Neonatal Vitamin K prophylaxis is an effective intervention for reducing vitamin K deficiency bleeding. A recently published report of parental refusal of vitamin K prompted an investigation of the prevalence and characteristics of this group, and exploration of whether these same parents were likely to subsequently refuse immunization for their children.
We conducted a retrospective population-based cohort study of all infants born in Alberta between 2006 and 2012 by using linkage of administrative health data. Risk factors for vitamin K refusal were determined by using Poisson regression. The association between vitamin K refusal and nonimmunization was assessed using relative risk.
Among the 282 378 children in the cohort, 99.7% received vitamin K and 0.3% declined. Midwife-assisted deliveries were more likely to be associated with vitamin K refusal compared with physician-attended delivery (risk ratio 8.4, 95% confidence interval [CI] 6.5–11.0). Planned home delivery (risk ratio 4.9, CI 3.8–6.4) or delivery in a birth center (risk ratio 3.6, CI 2.3–5.6) were more likely to result in decline of vitamin K compared with hospital delivery. Vitamin K refusal was associated with a 14.6 (CI 13.9–15.3) higher relative risk of having no recommended childhood vaccines at 15 months.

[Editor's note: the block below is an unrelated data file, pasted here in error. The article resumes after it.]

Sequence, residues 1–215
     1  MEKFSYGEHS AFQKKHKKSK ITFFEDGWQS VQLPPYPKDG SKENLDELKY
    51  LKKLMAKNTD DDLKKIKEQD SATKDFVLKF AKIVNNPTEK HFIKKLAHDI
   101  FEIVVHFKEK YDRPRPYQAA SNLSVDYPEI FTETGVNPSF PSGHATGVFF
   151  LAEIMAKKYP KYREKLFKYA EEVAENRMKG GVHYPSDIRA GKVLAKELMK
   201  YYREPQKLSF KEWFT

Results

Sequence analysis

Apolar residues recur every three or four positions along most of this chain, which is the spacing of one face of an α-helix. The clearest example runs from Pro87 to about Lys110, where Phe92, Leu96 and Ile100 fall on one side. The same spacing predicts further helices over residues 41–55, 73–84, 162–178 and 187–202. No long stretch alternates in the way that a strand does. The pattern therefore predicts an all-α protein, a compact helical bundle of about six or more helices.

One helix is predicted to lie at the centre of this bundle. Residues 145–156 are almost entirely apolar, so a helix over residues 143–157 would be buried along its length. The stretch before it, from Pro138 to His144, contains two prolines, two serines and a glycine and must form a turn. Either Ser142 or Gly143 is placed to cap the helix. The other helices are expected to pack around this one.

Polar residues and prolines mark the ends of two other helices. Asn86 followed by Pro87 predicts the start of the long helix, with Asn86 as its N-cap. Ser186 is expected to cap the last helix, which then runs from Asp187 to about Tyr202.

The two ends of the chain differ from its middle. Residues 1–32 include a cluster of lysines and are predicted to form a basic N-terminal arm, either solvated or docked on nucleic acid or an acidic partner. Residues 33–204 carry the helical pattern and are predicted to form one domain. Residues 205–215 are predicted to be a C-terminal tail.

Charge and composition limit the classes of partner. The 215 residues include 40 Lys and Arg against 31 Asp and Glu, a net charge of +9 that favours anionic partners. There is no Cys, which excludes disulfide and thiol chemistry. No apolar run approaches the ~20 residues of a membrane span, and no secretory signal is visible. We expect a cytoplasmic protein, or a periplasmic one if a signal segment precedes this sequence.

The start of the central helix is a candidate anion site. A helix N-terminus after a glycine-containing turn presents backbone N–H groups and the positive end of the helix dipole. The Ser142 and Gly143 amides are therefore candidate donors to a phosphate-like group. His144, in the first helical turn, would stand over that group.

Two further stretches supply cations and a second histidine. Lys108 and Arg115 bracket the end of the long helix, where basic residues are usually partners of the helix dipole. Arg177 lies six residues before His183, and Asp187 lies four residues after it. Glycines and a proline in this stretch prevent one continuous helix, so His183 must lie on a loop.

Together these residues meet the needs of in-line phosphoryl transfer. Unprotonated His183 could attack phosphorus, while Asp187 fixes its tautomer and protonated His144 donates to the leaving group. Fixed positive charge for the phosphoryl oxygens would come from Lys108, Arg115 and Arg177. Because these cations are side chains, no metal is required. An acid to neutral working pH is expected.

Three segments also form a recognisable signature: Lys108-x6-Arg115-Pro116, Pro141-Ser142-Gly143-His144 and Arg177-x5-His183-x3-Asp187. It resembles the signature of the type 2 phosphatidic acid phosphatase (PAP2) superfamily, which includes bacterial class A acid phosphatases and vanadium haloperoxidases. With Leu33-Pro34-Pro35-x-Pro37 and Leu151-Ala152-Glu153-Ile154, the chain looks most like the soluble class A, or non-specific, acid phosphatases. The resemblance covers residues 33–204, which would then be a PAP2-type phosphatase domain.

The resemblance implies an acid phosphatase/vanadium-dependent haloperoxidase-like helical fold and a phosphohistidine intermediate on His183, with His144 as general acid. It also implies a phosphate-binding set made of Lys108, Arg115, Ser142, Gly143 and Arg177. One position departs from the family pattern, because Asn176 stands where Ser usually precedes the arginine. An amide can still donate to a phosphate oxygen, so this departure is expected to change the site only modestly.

This is the first population-based study to characterize parents who are likely to decline vitamin K for their infants and whose children are likely to be unimmunized. These findings enable earlier identification of high-risk parents and provide an opportunity to enact strategies to increase uptake of vitamin K and childhood immunizations.